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Marcello Pera is an Italian philosopher and politician. He was the president of the Italian Senate from 2001 to 2006. In the wake of the allegations of priestly sexual abuse and the accusations of inaction on the part of Catholic Church authorities, he sent this letter to the Italian newspaper Corriere della Sera. In the letter, published on 19 March 2010, he argues that beneath the façade lies an ongoing battle between secularism and Christianity. The abuses are only an excuse for this war.
The recent uproar in Germany about paedophile and homosexual priests is an attack on the pope. It would be a serious mistake to think that it is too monstrously daring to harm him. And it would be an even worse mistake to think that the whole affair will be quickly brought to an end like so many others. This is not the case.
There is a war on. It is not openly against the pope in person as it would be impossibile on this ground. Benedict XVI is proof against any such thing; his serene calm, transparence, firmness and doctrine make him unassailable. His gentle smile is enough to scatter a whole host of adversaries. No, the war is between secularism and Christianity. The secularists know that a spot of mud on that white robe would mean that the church was sullied, and if the church were sullied so the Christian religion likewise. So they accompany their campaign with such refrains as “Who will take the children to church?” or “Who would send their children to Catholic schools?” or “Who would have our little ones cared for in a Catholic hospital or clinic?”.
A few days ago a secularist casually revealed their real thinking: “The extent of the problem of child abuse by priests undermines the right of the Catholic Church to educate the very young.” No matter that this sentence contains no evidence as “the extent of the problem…” is carefully concealed. Are the paedophiles one per cent of the priesthood? Ten per cent? All of them ? No matter that the sentence lacks logic: it would be enough to substitute the word “priests” with “teachers” or “politicians” or “journalists” to undermine the legitimacy of state schools, of parliaments and of the press. What matters is the insinuation that, regardless of the coarseness of the argument, priests are paedophile, therefore the Church has no moral authority, therefore Catholic education is dangerous, therefore Christianity itself is a fraud and a danger.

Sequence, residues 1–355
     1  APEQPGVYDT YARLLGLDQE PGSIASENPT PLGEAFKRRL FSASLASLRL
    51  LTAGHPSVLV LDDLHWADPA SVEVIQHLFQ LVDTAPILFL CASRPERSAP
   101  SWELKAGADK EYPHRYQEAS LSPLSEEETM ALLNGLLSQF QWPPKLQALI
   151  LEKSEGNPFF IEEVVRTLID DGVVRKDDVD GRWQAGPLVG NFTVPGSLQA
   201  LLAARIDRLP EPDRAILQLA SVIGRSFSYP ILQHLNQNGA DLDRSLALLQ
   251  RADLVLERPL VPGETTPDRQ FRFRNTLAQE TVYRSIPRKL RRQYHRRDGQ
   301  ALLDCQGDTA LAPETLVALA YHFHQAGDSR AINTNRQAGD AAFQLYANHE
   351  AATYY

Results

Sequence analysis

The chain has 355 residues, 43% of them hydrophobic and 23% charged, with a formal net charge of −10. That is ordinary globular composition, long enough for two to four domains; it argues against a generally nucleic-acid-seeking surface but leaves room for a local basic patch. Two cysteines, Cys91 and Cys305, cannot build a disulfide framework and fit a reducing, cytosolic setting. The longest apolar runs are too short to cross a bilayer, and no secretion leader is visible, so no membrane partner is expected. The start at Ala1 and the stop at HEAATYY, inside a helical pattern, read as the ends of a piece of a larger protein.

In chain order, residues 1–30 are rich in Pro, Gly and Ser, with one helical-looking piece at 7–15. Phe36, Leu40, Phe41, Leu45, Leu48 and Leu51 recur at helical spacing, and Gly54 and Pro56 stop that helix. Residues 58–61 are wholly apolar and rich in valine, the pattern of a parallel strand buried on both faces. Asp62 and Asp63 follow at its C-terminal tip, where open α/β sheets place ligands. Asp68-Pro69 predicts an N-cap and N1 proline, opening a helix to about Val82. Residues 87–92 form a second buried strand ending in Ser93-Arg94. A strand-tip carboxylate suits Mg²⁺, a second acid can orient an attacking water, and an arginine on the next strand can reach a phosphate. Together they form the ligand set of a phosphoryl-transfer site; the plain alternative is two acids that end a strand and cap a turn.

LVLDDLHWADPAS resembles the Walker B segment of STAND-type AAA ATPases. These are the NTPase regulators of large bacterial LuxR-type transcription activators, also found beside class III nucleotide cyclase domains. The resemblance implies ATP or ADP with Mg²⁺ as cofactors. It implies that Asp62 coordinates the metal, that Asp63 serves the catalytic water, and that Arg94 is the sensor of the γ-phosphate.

This war against Christianity is a total war. One has to look back to nazi rule or communism to find anything like it. The means change but the end is the same: today as yesterday the aim is the destruction of religion. Then the price paid by Europe was the loss of her freedom. It is incredibile that Germany, once again a democratic country, still beating her breast in memory of the sacrifice she inflicted on the rest of Europe, should forget and not understand that her democracy would be lost if Christianity were vanquished again. The destruction of religion then brought about the destruction of reason. Today it would not lead to the triumph of secular reason but to another barbarity.
From an ethical angle it is the barbarity of those who kill the foetus because its life might endanger the mother’s psychological health; those who consider an embryo a “cluster of cells” useful for experimentation; those who would kill an old person because he has no family to look after him; those who would hasten the death of a child because he is unconscious and incurable; those who think that “parent A” and “parent B” are the same as “father” and “mother”; those who believe that faith is like the coccyx, that part which no longer has any place in evolution because man no longer needs a tail and can stand up by himself. And so on.
Or, looking at the political side of the secularist war against Christianity, barbarity will mean the destruction of Europe. Because, once Christianity is vanquished, we would be left with multiculturalism, which claims that each group has a right to its own culture; with relativism, which claims that every culture is as good as any other, and pacifism, which denies the existence of evil.
This war on Christianity would not be so dangerous if the Christians understood what was at stake, but a large number of them join in the general incomprehension.
They are those theologians who are frustrated by the Pope’s intellectual superiority. Those hesitant bishops who believe that the best way to update the Christian message is to compromise with modernity. Those cardinals with a faith crisis who begin to insinuate that celibacy for priests is not a dogma and that it might be better to rethink the issue. Those stealthy Catholic intellectuals who think that there is a feminine problem within the church and an unresolved problem between Christianity and sexuality. Those episcopal conferences where mistakes are made with the agenda and, while they wish for an open frontier policy, haven’t the courage to denounce the attacks against Christians and the humiliation suffered when they are all indiscriminately brought to the bench of the accused. Or even those chancellors from the East who put on show a handsome homosexual foreign minister whilst attacking the Pope on every ethical question, or those born in the West who believe that the West must be secularist, that is anti-Christian.
This secularist war will continue, if only because a Pope like Benedict XVI, who smiles but doesn’t give an inch, fuels their fire. But if we understand why he is immovable, then the situation can be taken in hand and there is no need to just wait for the next blow. Those who are content with merely agreeing with him are either like a man who goes to the Garden of Olives at night under the cloak of darkness, or one who doesn’t realise why he is there anyway.
English translation from Marcello Pera’s website, slightly